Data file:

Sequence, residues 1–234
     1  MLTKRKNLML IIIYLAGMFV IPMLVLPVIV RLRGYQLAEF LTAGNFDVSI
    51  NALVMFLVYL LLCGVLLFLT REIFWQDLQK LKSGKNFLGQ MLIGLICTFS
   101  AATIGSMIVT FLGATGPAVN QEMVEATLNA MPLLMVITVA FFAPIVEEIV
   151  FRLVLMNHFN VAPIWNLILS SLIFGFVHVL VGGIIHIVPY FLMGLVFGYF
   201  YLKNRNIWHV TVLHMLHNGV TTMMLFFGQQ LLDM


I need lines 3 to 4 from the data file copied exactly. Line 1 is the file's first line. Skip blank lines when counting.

    51  NALVMFLVYL LLCGVLLFLT REIFWQDLQK LKSGKNFLGQ MLIGLICTFS
   101  AATIGSMIVT FLGATGPAVN QEMVEATLNA MPLLMVITVA FFAPIVEEIV